Two women vote in the presidential election Nov. 4, 2008, in Birmingham, Ala.
Mario Tama/Getty Images

What we do know is this year’s midterm Senate races will be tight—what we don’t know is just how tight. Despite constant spinning in the news cycle, most Americans either don’t know a big election is coming up or don’t care. In the last major midterm of 2010, only 41 percent of voters turned out or 91 million ballots counted—just 30 percent of the population. Are you OK with that?

That said: The African-American vote could play a decisive factor in congressional races in some key states, including places we keep hearing about, like Georgia, North Carolina, Louisiana and Arkansas (and in places where you don’t think black folks live but do, like Colorado and Kentucky). Are we really all that into the election (and really into what President Barack Obama is saying about it)? How far could Republican voter-ID and voter-suppression strategies go in keeping polling places as brazenly Caucasian as the cast of Friends?

This week’s installment of The Take turned to Hampton University journalism professor Wayne Dawkins and former GOP congressional candidate Lenny McAllister for context. Dawkins is author of City Son: Andrew W. Cooper’s Impact on Modern-Day Brooklyn, and McAllister is a KDKA and Pittsburgh Cable News network host.

Wayne Dawkins (@waydaw): Based on the campaign messages, the six Senate battlegrounds are unpredictable. The Arkansas, Georgia and North Carolina Senate races are lively.

Lenny McAllister (@lennymcallister): Republicans should take the Senate, but there is not the same wave of conservative passion hitting the airwaves and the campaign trail as there was in 2010. Because of that, there is a small, but distinct, opportunity for the Democrats to barely hold on to the U.S. Senate. The GOP has yet to cast aside the political-bogeyman mantra that the party has with non-Republican voters. Will independents break with the GOP in 2014 the same way they did in 2010? That is the question that will be answered in November. As of now, the answer appears to be no.

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WD: Sure, black voter participation is normally down in off-cycles, but that could change this year. Look at what happened in Mississippi last spring. Republican Senate incumbent Thad Cochran was locked in a nasty primary fight with a Tea Party candidate. Cochran asked black voters for their votes, making the case that if he lost, Mississippi would lose experience, influence and bacon. The Tea Party candidate appeared too extreme compared to conservative Cochran.

African-American voters engaged and pulled Cochran over the top. Those voters should remind Cochran that they did him a huge solid. If voters of color care about reformed health care, student loans and consumer protection, they can’t afford to sit out this midterm. Otherwise they shouldn’t whine if they feel oppressed.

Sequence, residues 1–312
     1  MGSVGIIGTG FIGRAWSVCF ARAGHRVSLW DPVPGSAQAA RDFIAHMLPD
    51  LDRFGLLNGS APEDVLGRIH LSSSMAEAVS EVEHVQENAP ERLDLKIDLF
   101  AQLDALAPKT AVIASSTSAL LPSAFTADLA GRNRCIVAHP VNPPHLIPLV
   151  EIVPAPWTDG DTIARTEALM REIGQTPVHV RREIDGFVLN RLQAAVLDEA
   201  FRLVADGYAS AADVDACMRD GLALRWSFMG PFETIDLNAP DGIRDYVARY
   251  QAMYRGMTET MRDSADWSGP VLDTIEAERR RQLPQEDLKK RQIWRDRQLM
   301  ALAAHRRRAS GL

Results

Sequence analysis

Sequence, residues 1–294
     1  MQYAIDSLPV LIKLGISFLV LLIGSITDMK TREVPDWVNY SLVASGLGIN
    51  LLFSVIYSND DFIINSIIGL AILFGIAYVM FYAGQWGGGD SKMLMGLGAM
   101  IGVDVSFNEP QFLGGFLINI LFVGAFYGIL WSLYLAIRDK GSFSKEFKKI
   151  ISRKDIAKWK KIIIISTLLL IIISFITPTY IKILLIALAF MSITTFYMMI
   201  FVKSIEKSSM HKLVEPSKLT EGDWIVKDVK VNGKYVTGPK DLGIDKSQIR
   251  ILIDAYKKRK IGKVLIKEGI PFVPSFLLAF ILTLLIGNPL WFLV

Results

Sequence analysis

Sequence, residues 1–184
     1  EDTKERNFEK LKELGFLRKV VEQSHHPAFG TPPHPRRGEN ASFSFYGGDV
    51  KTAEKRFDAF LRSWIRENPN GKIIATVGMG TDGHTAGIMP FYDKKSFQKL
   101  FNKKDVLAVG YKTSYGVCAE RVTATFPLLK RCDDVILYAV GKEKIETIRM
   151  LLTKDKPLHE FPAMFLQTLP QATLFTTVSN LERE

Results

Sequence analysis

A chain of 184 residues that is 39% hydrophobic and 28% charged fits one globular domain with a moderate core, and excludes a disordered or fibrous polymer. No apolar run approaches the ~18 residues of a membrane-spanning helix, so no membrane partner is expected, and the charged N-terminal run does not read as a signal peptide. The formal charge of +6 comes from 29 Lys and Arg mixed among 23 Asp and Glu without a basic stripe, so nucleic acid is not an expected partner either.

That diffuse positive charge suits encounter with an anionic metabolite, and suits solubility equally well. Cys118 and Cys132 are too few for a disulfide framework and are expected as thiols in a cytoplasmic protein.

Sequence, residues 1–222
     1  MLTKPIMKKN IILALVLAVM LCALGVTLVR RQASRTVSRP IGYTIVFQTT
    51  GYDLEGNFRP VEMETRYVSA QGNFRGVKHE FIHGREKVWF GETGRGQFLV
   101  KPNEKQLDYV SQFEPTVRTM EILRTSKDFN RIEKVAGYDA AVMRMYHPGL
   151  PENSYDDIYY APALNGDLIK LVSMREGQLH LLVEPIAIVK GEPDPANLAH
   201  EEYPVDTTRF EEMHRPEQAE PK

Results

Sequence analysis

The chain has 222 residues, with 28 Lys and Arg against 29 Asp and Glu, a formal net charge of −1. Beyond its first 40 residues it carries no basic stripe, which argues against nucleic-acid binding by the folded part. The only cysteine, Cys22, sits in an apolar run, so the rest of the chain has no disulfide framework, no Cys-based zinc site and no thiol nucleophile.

LM: The black vote plays a big role in this race, as it does in every race. The question is: Will the black electorate finally “get it”? Namely: 1) The black vote can swing every election; 2) The black vote should demand more from elected officials and candidates on a daily basis—not biannual basis; and 3) The black vote should be a “woo-able” electorate—not a voting bloc that remains in one camp without expectations of progress or results for our communities. With that in mind, I don’t know if the black electorate will come out en masse as it did in 2008 or 2012.

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WD: If voters of color are a) not paying attention to the voter-ID stories and b) indifferent about those stories, shame on them. The Supreme Court has already rendered verdicts on three cases—restrictive voter-ID laws were upheld in two states but stricken in one—and the court was about to give its opinion regarding the Texas case. Voters of color came out strong in the 2012 presidential election when there was evidence of voter suppression and rich people trying to buy the election. It was a great moment when people fought the power at polls. That energy needs to return for this November’s midterm congressional elections.

LM: I do not call voter validation a “strategy” to “work for Republicans.” There is a reasonable expectation for voter-validation measures to be in place. The question with that issue is how they are implemented, from time frame to methodologies, to ensure that all eligible Americans have the right to vote.

Charles D. Ellison is a veteran political strategist and a contributing editor at The Root. He is also Washington correspondent for the Philadelphia Tribune, a frequent contributor to The Hill, the weekly Washington insider for WDAS-FM in Philadelphia and host of The Ellison Report, a weekly public-affairs magazine broadcast and podcast on WEAA 88.9 FM Baltimore. Follow him on Twitter.